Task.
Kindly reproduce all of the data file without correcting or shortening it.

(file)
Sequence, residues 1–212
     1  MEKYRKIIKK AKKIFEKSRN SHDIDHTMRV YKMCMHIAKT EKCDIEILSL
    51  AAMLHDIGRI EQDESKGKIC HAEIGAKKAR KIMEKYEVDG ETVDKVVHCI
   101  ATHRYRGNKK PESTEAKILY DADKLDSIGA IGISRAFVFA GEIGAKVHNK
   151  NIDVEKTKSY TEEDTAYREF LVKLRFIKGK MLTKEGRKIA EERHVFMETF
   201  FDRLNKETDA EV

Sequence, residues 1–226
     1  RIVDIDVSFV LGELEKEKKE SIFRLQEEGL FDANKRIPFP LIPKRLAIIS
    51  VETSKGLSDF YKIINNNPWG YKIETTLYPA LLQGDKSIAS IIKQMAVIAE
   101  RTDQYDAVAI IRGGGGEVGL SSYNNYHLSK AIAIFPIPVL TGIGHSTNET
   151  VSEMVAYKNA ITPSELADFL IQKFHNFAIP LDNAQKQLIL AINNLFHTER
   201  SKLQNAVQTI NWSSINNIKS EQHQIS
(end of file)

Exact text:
Sequence, residues 1–212
     1  MEKYRKIIKK AKKIFEKSRN SHDIDHTMRV YKMCMHIAKT EKCDIEILSL
    51  AAMLHDIGRI EQDESKGKIC HAEIGAKKAR KIMEKYEVDG ETVDKVVHCI
   101  ATHRYRGNKK PESTEAKILY DADKLDSIGA IGISRAFVFA GEIGAKVHNK
   151  NIDVEKTKSY TEEDTAYREF LVKLRFIKGK MLTKEGRKIA EERHVFMETF
   201  FDRLNKETDA EV

Sequence, residues 1–226
     1  RIVDIDVSFV LGELEKEKKE SIFRLQEEGL FDANKRIPFP LIPKRLAIIS
    51  VETSKGLSDF YKIINNNPWG YKIETTLYPA LLQGDKSIAS IIKQMAVIAE
   101  RTDQYDAVAI IRGGGGEVGL SSYNNYHLSK AIAIFPIPVL TGIGHSTNET
   151  VSEMVAYKNA ITPSELADFL IQKFHNFAIP LDNAQKQLIL AINNLFHTER
   201  SKLQNAVQTI NWSSINNIKS EQHQIS